Guide to Primary Care Practitioners (PCP), Family Doctors, and Internists

Medically reviewed by Graham Rogers, MD on August 31, 2016Written by Kimberly Holland on August 31, 2016

Overview

The medical field is vast and filled with titles and names that may be tricky to understand. Take, for example, primary care practitioners (PCPs), family doctors, and internists.

These medical professionals cover a lot of the same territory in treating people, but knowing the differences will help you find the one that’s right for you and your family.

Primary care practitioner (PCP)

The term primary care practitioner (PCP) refers to any of the following types of medical professionals:

  • family practitioner
  • nurse practitioner
  • physician assistant
  • internist

They treat a wide range of health issues and can help coordinate your medical treatment with various specialists.

What do they do and whom do they treat?

When you’re sick, either with a cold or something more serious, you may first visit your PCP. They are trained to treat people of all ages for a wide variety of medical issues, including disease prevention and maintenance. If a condition is beyond their scope, they may refer you to a specialist.

For many of your healthcare needs, you may only need to see a PCP. If your needs go beyond their scope, you may need to see a specialist or another doctor.

A PCP can also help to coordinate medical treatments across many specialties. For example, if you discover you have an infected gallbladder, your PCP may refer you to a gastroenterologist for a consultation and then to a surgeon to have the gallbladder removed. These specialists are responsible for your treatment, but your PCP oversees the entire series of events.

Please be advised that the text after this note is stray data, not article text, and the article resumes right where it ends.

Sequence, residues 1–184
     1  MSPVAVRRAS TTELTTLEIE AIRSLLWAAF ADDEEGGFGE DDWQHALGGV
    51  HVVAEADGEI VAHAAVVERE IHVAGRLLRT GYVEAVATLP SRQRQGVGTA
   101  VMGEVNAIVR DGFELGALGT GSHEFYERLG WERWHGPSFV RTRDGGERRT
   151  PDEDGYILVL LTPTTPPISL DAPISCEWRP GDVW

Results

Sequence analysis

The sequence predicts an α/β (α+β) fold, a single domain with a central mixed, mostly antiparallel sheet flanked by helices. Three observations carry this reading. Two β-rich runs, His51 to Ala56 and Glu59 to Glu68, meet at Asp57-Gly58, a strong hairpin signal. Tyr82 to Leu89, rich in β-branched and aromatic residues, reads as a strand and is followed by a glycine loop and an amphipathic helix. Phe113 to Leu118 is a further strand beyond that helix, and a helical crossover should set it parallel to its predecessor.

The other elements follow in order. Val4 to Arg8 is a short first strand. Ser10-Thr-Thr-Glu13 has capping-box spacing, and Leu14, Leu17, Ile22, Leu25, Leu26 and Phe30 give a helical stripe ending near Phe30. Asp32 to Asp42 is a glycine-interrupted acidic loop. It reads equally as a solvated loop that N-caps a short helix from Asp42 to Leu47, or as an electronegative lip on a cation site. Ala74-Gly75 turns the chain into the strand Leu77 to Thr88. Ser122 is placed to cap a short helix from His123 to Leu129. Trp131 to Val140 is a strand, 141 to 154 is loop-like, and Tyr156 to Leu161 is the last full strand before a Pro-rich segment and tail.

When should you see a PCP?

Whether you’re battling the flu or showing signs of blood sugar problems, your PCP will likely be the first doctor you encounter in your treatment timeline.

Will insurance cover your visit?

Most insurance plans cover visits with a PCP. Some PCPs offer services that won’t be covered by your insurance. Be sure to verify what your plan does and doesn’t cover with your doctor’s office or your insurance company before your visit.

Family doctor

A family doctor can care for practically anyone. In fact, a family doctor may care for every member of a family at all stages of their lives.

What do they do and whom do they treat?

A family doctor is trained to care for a person from infancy to advanced age. They are often the doctor you will see to treat minor problems, like bronchitis, and major problems, like high blood pressure.

Family doctors will often advocate for you. They encourage healthy lifestyle changes for chronic problems. If the doctor also treats other members of the family, they may be able to help you get ahead of potential genetic issues, like obesity, heart disease, and high cholesterol.

For many people, having a doctor who is intimately aware of both your personal and family history can be helpful and comforting. And if your condition goes beyond the scope of your family doctor’s training, they may refer you to a specialist.

What is their training?

Family doctors have completed four years of medical school and three years of residency. They can treat people of all ages.

Their medical school training included a variety of specialties, from gynecology to mental health.

When should you see a family doctor?

A visit to the family doctor is typically step number one in the treatment process. For example, you might go because you have poison ivy and need a prescription. Or you might go because you’ve been having unexplained dizziness and need some help figuring out why.